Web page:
Meaningful Play 2018

The Collaboratory at Meaningful Play. Pictured from left: Nathan, Kris, MSU librarian Jonah Magar, Krista-Lee, and Josh. Photo by Laya Liebeseller.
The Collaboratory at Meaningful Play. Pictured from left: Nathan, Kris, MSU Library Gaming Coordinator Jonah Magar, Krista-Lee, and Josh. Photo by Laya Liebeseller.

Meaningful Play is a conference held at Michigan State University where academics and indie game developers gather for a three-day event. Like most conferences aimed at higher education, this one includes panels, roundtables, and workshops. During the evenings, however, the developers take center stage to showcase their games, discuss motivations behind the project, and describe what makes their project “meaningful.” For those of us on the academic side of the table, this is time when we can simply enjoy games and engage their creators face-to-face. Board and computer games were both present in abundance with each table usually occupied by players overseen by a gaggle of spectators eager for a turn.

Members of UWM’s Serious Play group attended this bi-annual conference to present our panel, “Serious Play on Twitch: Experiments in Academic Streaming,” where we described some of the affordances of streaming technology when applied to scholarship. Each of us took on a different facet of producing the Serious Play channel, posing questions that had been raised throughout the past year and a half since we began streaming. Although the panel went well enough, there were some interesting questions and concerns raised by the audience during the Q&A and on social media.

One audience member addressed issues regarding the vulnerability of the streamer and being “out there” and exposed. Although there has been occasional trolling, we responded, the channel has not been too frequently targeted. Being an academically motivated channel that plays less popular games tends to attract fewer hassles. We also suspect that trolling a bunch of people heavily interested in social dynamics would make for poor targets (so please, please feel free to troll us!). There is something to be said for the exposure that live streaming demands of its producers. What to make of this impromptu scholarship? For an industry accustomed to works that are typically only shared after rounds of revision, testing, and editorial scrutiny, how does a streaming channel contribute to the larger discourse (if at all?). One of the qualities of streaming and live broadcasting that elevates scholarship is the way it promotes off-the-cuff discourse. The ability to speak to one’s own thoughts and work is something not taught on campus. Playing a game within a group of academically-minded folks teases out the half-baked thoughts and impulsive responses that must be chiselled into more refined comments later on. Streaming also has the potential to disseminate this raw scholarship to a much wider audience, though this potential is complicated by the platforms that provide these services.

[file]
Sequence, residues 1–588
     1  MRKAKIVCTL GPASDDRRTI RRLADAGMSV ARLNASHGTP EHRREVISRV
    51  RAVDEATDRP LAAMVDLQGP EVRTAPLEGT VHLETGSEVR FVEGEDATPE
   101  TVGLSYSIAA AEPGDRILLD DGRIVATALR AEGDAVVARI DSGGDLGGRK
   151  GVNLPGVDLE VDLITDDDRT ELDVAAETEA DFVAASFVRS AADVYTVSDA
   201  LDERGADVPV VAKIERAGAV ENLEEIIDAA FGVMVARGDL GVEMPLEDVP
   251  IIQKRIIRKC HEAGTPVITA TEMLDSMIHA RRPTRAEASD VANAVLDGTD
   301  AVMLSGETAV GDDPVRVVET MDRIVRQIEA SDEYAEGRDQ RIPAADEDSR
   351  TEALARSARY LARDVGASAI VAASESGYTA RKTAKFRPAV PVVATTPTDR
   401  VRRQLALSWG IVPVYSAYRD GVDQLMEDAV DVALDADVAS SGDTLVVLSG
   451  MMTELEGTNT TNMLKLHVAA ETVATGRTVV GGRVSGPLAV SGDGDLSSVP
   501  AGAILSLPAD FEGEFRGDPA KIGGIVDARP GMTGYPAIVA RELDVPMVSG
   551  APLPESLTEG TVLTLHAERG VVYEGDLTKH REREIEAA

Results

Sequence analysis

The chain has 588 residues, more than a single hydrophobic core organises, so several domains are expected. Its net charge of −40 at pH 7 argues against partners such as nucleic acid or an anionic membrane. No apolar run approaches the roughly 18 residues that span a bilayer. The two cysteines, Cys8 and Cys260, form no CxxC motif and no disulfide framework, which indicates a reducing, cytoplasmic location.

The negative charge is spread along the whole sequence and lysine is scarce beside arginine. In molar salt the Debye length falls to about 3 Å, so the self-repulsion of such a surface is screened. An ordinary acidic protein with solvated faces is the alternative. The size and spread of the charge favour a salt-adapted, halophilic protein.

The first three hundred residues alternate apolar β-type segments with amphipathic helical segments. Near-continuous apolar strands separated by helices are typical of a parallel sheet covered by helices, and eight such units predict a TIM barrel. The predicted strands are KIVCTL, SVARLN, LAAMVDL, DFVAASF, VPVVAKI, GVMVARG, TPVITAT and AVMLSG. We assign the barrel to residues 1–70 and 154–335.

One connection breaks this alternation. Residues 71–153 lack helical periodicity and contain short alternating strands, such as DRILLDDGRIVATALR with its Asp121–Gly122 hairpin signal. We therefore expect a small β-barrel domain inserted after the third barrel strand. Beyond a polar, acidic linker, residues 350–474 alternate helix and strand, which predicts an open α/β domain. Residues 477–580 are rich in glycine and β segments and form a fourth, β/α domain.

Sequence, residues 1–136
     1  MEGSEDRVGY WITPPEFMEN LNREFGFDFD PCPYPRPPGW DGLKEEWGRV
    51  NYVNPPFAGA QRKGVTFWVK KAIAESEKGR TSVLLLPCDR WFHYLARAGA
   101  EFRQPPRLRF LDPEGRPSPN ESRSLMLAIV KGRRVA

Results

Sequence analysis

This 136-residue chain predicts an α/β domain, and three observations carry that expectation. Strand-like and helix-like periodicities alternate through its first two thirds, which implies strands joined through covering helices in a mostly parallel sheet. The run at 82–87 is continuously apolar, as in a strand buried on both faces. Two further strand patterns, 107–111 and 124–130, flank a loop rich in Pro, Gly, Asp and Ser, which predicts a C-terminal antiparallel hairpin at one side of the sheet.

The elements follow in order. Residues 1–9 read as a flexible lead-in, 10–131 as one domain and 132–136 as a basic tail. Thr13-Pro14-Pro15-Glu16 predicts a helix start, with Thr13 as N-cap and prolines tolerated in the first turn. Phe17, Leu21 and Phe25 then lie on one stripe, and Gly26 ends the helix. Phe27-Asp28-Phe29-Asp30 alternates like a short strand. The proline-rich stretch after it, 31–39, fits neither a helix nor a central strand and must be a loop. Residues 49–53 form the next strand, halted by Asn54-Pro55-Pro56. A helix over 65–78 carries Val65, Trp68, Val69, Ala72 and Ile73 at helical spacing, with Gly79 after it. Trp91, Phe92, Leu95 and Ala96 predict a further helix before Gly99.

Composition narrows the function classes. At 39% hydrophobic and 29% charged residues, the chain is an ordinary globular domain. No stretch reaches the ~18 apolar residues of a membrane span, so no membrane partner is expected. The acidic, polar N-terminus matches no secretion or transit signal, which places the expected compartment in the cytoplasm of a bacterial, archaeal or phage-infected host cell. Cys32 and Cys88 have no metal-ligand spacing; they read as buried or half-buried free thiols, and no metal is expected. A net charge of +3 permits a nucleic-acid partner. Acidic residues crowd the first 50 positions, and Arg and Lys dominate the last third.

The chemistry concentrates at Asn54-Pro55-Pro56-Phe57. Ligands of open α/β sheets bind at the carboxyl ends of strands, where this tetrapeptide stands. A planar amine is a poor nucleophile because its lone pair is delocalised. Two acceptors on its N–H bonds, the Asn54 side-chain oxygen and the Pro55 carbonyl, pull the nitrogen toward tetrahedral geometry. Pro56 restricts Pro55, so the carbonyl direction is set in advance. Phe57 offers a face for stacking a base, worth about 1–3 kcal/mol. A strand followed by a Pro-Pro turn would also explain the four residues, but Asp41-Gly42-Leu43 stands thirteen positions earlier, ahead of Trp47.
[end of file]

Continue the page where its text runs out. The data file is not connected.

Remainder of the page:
This also raises questions about accessibility which have been culminating among conference planners and attendees for some time. In hindsight, it seems strange that a panel on streaming would not be streaming their presentation. When planning for the conference, it was determined to be too much of a hassle. Travelling with the proper equipment such as microphones, webcams, and suitable laptops can be difficult and cumbersome. Setting up ahead of time is also difficult and relies on assumptions about space, internet quality, and connections that are often unknown. Given that one of the persistent issues we’ve had has been set-up, we figured it best to leave the mics and cams behind and focus on the discussion.

Screen capture of Twitter post: "ANd now were talking about arcane things like the ethics of taking money from twitch as an affiliate, IRBs and if using public funds for something that isnt accessible to everyone is ethical"
Screen capture of Twitter feed.

The issue of access was hinted at by another member of the audience who was critical of several aspects of our panel. With everything from the lack of diversity among us to the topics we were sharing, this person took umbrage and voiced their concerns on Twitter. This provided us with a remarkable opportunity to continue the discussion in ways unanticipated. Perhaps this is one positive aspect of having one’s panel documented – so that an archive of the discussion can be properly preserved without having to rely on social media for such documentation…

One of the charges against our panel – the lack of diversity – is something that we have wrestled with for some time. Despite our efforts to address gendered and queer themes within games, we are woefully homogeneous when it comes to ethnic diversity. This inadequacy has had an impact on the Collaboratory in the past and, as was pointed out, there is still work to be done. Representation within the Collaboratory is also limited to faculty and those who currently have or are pursuing a graduate degree. No undergraduates! While there are logistical issues we’ve found that inhibit representing undergrads, there is nothing that excuses our lack of ethnic diversity. One of the solutions we’ve discussed going forward is to address this in the vetting process for when a new show is pitched. The question should be asked: what will you (the producer) do to attract and accommodate players of backgrounds that are largely underrepresented in academia and/or in game studies? 

The Twitter discussion carried on into the next day. While initially disconcerting to a point, the conversation enabled both sides to clarify themselves and address issues.